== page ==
United States District Court, D. Utah
MEMORANDUM DECISION & ORDER
DALE A. KIMBALL, UNITED STATES DISTRICT JUDGE.
matter is before the court on the Plaintiff Ute Indian
Tribe's Verified Motion to Recuse [ECF Docket No. 29]
Judge Clark Waddoups from this case, pursuant to 28 U.S.C.
§§ 144 and 455(a). Judge Waddoups referred the
motion to Chief Judge Robert Shelby, who referred the motion
to the undersigned judge. The motion is fully briefed and the
court concludes that a hearing on the motion would not
significantly aid the court in its determination of the
motion. After carefully reviewing the materials submitted by
the parties as well as the law and facts relevant to the
pending motion, the court issues the following Memorandum
Decision and Order.
moves for Judge Waddoups' recusal in this case under both
28 U.S.C. § 144 and 28 U.S.C. § 455(a), arguing
that Judge Waddoups is biased or prejudiced against it and
that his impartiality might reasonably be questioned.
28 U.S.C. § 144
28 U.S.C. § 144, “[w]henever a party to any
proceeding in a district court makes and files a timely and
sufficient affidavit that the judge before whom the matter is
pending has a personal bias or prejudice either against him
or in favor of any adverse party, such judge shall proceed no
further therein, but another judge shall be assigned to hear
such proceeding.” 28 U.S.C. § 144. It is well
settled, however, that the mere filing of an affidavit under
Section 144 does not automatically disqualify a judge.
See, e.g., United States v. Bray, 546 F.2d
851, 857 (10th Cir.1976).
Tenth Circuit has held that “[u]nder § 144, the
affidavits filed in support of recusal are strictly construed
against the affiant and there is a substantial burden on the
moving party to demonstrate that the judge is not
impartial.” United States v. Burger, 964 F.2d
1065, 1070 (10thCir. 1992); see also Hinman v.
Rogers, 831 F.2d 937, 939 (10th Cir. 1987).
“The affidavit must state with required particularity
the identifying facts of time, place, persons, occasion, and
circumstances” necessitating recusal. Hinman,
831 F.2d at 939.
sustain disqualification under § 144, supra,
there must be demonstrated bias and prejudice of the judge
arising from an extrajudicial source which renders his trial
participation unfair in that it results in an opinion formed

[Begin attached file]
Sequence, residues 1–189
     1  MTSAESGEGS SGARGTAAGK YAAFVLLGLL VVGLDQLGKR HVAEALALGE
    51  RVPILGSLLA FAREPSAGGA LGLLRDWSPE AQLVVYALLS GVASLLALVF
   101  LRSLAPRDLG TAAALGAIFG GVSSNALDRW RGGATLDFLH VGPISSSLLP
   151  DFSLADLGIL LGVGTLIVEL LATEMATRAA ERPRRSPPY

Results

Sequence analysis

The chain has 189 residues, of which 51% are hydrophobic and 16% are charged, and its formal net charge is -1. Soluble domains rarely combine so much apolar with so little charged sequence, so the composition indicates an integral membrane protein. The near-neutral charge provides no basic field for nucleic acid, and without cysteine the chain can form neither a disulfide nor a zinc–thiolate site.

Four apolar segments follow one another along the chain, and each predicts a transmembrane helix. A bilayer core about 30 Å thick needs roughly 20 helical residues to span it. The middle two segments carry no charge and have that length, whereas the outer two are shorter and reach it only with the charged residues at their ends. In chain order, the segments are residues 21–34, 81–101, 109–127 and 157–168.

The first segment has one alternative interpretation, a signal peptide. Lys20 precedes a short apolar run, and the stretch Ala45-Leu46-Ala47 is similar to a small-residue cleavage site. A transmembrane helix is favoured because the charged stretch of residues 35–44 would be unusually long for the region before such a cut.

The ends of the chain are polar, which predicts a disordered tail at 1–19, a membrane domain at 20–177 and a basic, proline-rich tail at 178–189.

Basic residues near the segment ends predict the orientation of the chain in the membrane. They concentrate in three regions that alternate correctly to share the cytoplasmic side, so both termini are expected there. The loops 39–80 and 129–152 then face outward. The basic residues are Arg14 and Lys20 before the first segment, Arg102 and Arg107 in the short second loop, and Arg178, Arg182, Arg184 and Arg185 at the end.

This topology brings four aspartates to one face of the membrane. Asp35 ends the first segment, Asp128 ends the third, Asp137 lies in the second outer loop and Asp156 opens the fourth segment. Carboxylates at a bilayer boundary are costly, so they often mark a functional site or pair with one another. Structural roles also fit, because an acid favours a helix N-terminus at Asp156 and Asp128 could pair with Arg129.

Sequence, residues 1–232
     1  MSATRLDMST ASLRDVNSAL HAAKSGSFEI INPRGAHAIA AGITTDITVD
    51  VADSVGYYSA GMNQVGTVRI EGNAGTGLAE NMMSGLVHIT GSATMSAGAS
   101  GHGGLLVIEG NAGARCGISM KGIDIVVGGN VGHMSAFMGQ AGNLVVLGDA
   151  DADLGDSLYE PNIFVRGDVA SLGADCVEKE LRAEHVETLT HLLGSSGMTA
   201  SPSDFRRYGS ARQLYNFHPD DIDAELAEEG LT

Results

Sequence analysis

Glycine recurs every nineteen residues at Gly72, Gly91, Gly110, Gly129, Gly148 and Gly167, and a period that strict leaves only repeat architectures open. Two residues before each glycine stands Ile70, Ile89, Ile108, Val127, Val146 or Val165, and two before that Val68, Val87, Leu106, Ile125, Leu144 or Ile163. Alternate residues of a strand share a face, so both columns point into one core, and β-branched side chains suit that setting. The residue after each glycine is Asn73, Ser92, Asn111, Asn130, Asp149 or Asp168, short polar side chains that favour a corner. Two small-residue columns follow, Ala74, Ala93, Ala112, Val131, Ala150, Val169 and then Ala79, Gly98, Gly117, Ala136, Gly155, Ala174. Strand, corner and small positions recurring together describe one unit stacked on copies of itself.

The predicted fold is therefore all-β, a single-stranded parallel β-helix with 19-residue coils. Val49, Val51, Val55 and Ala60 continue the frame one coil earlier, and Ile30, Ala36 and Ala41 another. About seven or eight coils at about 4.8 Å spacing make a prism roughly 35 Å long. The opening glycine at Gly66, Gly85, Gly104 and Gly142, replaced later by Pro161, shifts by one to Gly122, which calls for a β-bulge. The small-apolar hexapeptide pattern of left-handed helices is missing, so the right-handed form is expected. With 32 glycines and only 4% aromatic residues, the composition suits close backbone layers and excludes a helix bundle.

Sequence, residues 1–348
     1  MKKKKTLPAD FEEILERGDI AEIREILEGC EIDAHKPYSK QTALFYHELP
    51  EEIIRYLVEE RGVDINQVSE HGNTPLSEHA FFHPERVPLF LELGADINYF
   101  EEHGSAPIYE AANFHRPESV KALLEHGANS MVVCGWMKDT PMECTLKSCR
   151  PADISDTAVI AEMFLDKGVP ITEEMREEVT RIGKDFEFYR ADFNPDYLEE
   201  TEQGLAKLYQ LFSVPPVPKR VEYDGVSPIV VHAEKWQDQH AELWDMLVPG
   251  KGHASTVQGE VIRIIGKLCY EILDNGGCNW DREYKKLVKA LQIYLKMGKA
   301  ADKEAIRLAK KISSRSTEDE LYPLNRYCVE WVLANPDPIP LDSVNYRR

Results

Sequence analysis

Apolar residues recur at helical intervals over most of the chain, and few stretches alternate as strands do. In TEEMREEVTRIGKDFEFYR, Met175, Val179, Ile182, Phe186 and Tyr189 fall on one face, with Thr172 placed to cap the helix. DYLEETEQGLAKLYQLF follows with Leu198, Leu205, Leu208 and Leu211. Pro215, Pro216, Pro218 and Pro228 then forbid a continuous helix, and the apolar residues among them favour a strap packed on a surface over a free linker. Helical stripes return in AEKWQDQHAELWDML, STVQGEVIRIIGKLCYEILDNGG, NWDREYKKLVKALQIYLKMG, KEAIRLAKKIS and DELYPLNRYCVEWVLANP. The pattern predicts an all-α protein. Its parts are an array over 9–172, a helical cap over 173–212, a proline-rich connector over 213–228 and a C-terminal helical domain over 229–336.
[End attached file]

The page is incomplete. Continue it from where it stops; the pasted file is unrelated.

... on some basis other than that learned from his
participation in the case.” United States v.
Bray, 546 F.2d 851, 859 (10th Cir.1976) (quotation and
citation omitted). Adverse rulings by a judge in a case are
not grounds for disqualification.
at 857; Green v. Dorrell, 969 F.2d 915, 919
(10th Cir. 1992).
[O]pinions formed by the judge on the basis of facts
introduced or events occurring in the course of the current
proceedings, or of prior proceedings, do not constitute a
basis for a bias or partiality motion unless they display a
deep-seated favoritism or antagonism that would make fair
judgment impossible. Thus, judicial remarks during the course
of a trial that are critical or disapproving of, or even
hostile to, counsel, the parties, or their cases, ordinarily
do not support a bias or partiality challenge.
Litkey v. United States, 510 U.S. 540, 555 (1994).
alleges that in every case in which it has appeared as a
litigant bfore Judge Waddoups, Judge Waddoups has
demonstrated bias against it and hostility toward both the
doctrine of Indian tribal sovereignty and the federal policy
of supporting tribal self-governance. However, Plaintiff only
points to adverse rulings as support for this assertion. This
court has reviewed Judge Waddoups' decisions and finds
them to be well-reasoned attempts at thoroughly analyzing the
relevant law. Although Judge Waddoups has ruled against
Plaintiffs on a number of occasions, each decision is
supported by a thoughtful discussion of the law. This court
finds no apparent hostility in any of the decisions.
Moreover, the fact that a decision is overturned by an
appellate court is no indication that the district court
decided the matter with bias or prejudice.
Plaintiffs contend that Judge Waddoups treats it differently
than other similarly situated litigants based on the timing
with which he handles matters. The timing in which a judge
can handle a matter is not always within his control,
especially if the matter involves a request for expedited
consideration and emergency relief. The timing of a
court's consideration of matters can be impacted by a
variety of factors. This court has reviewed the differences
in timing on the different motions and matters before Judge
Waddoups, and this court concludes that his case management
does not appear to indicate any animosity or prejudice
asserts that Judge Waddoups has taken judicial notice of
improper matters and made improper inferences. But
Plaintiff's “‘unsubstantiated suggestions,
speculations, [and] opinions,' are insufficient to
establish even the appearance of any bias, prejudice, or
misconduct that would warrant judicial recusal.”
See Carpenter v. Boeing Co., 456 F.3d 1183,
(10th Cir. 2006) (quoting Bryce v. Episcopal
Church, 289 F.3d 648, 659-60 (10th Cir.
2002)). Judge Waddoups has simply made rulings on each of the
parties' motions based on the pleadings, motions, and
memoranda submitted by the parties and the court's
application of the facts presented as they apply to the
relevant law. There is no evidence that Judge Waddoups has
ruled or acted based on any “extrajudicial
source.” To the extent that Plaintiff believes that
Judge Waddoups has misapplied or misconstrued the law, the
proper relief is to appeal the adverse ruling not seek his
recusal. None of his applications of the law appear to this
court to show a deep-seated favoritism or antagonism against
Plaintiff. Therefore, the court finds that there is no basis
for Judge Waddoups to recuse in this case.